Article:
Circumstances that lead to Claims
Whether it is a claim by disgruntled shareholders or co-directors, one commenced by the Secretary of State seeking a director disqualification order or you are being pursued by a Liquidator or an Administrator, many claims against Directors have common themes running through them.
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Set out below are some of the most common, all of which we can provide specialist advice on:
Payment or transfer of assets of company Read more
Where a company enters into formal Insolvency proceedings – for example Liquidation or Administration – any company payments or company assets transferred pre-insolvency may be recovered through what is called an Antecedent Transaction claim. In these circumstances a Liquidator or Administrator can unpick company transactions for a period of up to 2 years prior to the date of insolvency. If they find any wrongdoing, this can lead to a personal claim against a director ( whether s/he recevied the company payments/assets or not ). For more information relating to these types of claims, please visit our Claims against Directors by Liquidators or Administrators page.
Overdrawn Director’s Loan account Read more
It is quite common for any benefits provided to Directors by the company, or any drawings by Directors, to be classified as loans to Directors (“Directors Loans”). Such transactions or payments may be later claimed from Directors personally as a debt due to the Company, or by an appointed Liquidator or Administrator.
There are also tax consequences of Director’s Loans, which are subject to tax if not repaid by the year-end. HRMC has taken recent steps to increase its enforcement measures against Directors who have received Directors Loans.
Where a company enters into formal Insolvency proceedings – for example Liquidation or Administration – such debts can be recovered as a commercial debt or, where unpaid for some time, an Antecedent Transaction. Please see our page on Claims against Directors by Liquidators or Administrators for further information. Our Director Disqualification page also refers to the potential non-financial consequences of drawing such monies without repayment to the company.
Payment of specific creditors Read more
Where creditors are deliberately selected for payment or non-payment, Directors in either scenario may be in breach of their fiduciary duties to the company, especially where the company is making losses or is insolvent.
Where a company is facing Insolvency and only certain creditors are repaid, then such repayments may be recovered from either the receiving party or directly from the Director by a subsequently appointed Liquidator or Administrator as an Antecedent Transaction. Additionally, such events may lead to the issue of a Director Disqualification claim against Directors and this is extremely common where the Directors have caused the company to trade to the detriment of HMRC.
Failure to keep accounting records Read more
It is a statutory obligation of companies to annually file a Financial Statement, providing details of assets and liabilities (balance sheet) and income and expenditure (profit and loss account). Accordingly, to adequately prepare such a statement (which must show and explains the company’s transactions and disclose the company’s financial position) accounting records are required to be maintained by the Companies Act 2006.
A failure to comply with these obligations can result in officers of the company (both company secretary and Directors) being subject to criminal proceedings and, on conviction, a fine or imprisonment up to two years. We refer to our booklet titled Directors duties and responsibilities – What Constitutes Misconduct Part 4 which addresses the requirements of all Directors to ensure the company complies with its statutory obligations to file returns and maintain, deliver and preserve accounting records. This sets out the key issues when considering potential claims arising from any such failure to keep or secure accounting records.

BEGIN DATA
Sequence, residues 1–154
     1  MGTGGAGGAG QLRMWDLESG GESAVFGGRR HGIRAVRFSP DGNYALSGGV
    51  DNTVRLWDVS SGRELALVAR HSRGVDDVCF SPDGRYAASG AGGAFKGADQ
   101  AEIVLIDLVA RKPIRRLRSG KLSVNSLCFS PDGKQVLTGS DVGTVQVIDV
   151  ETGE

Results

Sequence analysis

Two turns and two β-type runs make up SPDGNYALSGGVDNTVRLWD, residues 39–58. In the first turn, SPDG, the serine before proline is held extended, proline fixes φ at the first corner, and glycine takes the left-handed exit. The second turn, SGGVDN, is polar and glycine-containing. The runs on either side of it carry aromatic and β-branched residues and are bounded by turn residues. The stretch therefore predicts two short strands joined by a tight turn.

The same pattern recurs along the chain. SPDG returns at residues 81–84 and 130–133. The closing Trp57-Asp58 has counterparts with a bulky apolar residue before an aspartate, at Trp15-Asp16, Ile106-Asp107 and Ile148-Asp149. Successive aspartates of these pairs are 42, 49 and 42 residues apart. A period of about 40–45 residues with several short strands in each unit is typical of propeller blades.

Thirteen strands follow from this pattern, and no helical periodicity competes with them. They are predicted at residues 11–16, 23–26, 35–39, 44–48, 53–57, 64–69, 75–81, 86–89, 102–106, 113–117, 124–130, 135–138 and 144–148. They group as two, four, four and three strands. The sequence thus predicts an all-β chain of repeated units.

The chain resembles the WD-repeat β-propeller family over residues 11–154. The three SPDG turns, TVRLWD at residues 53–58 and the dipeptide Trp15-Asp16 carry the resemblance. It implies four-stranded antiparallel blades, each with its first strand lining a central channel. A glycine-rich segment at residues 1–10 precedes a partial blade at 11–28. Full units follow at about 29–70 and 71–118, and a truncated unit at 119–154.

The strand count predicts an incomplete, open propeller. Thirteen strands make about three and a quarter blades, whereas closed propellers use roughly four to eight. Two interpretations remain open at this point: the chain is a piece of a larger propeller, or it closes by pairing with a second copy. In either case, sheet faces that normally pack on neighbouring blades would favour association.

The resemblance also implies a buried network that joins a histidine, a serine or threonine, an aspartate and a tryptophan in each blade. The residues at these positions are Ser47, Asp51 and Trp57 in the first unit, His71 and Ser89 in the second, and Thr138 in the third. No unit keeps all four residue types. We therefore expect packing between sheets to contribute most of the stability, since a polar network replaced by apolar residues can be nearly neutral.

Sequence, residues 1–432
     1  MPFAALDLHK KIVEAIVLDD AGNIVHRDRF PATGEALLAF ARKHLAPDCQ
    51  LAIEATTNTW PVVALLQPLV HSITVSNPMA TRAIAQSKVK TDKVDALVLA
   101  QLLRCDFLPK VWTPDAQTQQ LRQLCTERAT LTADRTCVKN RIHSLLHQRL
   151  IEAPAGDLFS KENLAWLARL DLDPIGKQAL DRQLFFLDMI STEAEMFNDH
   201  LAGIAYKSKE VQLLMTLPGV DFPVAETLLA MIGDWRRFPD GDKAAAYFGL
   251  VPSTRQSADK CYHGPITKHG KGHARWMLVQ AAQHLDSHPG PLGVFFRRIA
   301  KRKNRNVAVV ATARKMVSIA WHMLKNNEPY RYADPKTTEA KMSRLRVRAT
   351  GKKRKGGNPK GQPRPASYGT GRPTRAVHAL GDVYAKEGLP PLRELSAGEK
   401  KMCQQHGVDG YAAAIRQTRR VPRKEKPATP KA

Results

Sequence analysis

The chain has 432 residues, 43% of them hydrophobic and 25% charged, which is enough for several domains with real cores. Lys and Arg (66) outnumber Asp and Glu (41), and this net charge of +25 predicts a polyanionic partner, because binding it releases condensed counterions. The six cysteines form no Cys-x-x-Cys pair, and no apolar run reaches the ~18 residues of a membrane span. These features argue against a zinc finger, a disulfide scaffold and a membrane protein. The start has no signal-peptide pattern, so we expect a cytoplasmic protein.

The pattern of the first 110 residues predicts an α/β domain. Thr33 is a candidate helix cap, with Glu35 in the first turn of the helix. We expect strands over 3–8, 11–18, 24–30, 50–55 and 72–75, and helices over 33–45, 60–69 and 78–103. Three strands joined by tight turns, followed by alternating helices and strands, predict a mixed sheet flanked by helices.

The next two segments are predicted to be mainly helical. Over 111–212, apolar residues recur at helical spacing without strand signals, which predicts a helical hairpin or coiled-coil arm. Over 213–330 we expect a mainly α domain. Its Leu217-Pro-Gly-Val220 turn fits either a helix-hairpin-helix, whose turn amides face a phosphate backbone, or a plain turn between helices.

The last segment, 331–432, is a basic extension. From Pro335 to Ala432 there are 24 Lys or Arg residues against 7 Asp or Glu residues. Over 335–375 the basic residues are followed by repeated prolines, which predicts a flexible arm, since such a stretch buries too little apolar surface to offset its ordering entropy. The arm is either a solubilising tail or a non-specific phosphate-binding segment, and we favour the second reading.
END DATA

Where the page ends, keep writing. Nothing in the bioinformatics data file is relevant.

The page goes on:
Where a company enters into formal Insolvency proceedings – for example Liquidation or Administration – the failure to keep such records or file such accounts can lead to Director Disqualification proceedings being commenced against the Directors. This can extend to a failure by Directors to preserve the accounting record or a failure to deliver them up – for example abandoning such records can constitute a finding of unfitness (and thus disqualification) against a Director.
New company start-ups following insolvency Read more
It is often the case that when a company faces insolvency this provides an opportunity for business owner/managers to start trading the same business but through a new company (i.e. one without the problems currently existing in the old company).
This is perfectly acceptable under the laws of England and Wales subject to certain restrictions on the use of the old company’s name (or a name which may suggest an association with the old company) which is governed by the insolvency legislation. Failure to adhere to these can lead to personal claims against those individuals who were Directors of the old company and are also Directors / involved in the management of the new company. Our booklet on Re-use of a company's name is a handy guide as how to best avoid the pitfalls associated with this area and how best to react if you are in default.
In addition, where the old company has entered into any formal Insolvency proceedings, then up to two years after insolvency director disqualification proceedings may be brought by the Secretary of State. If you are subsequently disqualified as a director (and your new company may have been trading for some time by then) then you may require leave to continue acting as a director of that company – please visit our Director Disqualification page for more information.
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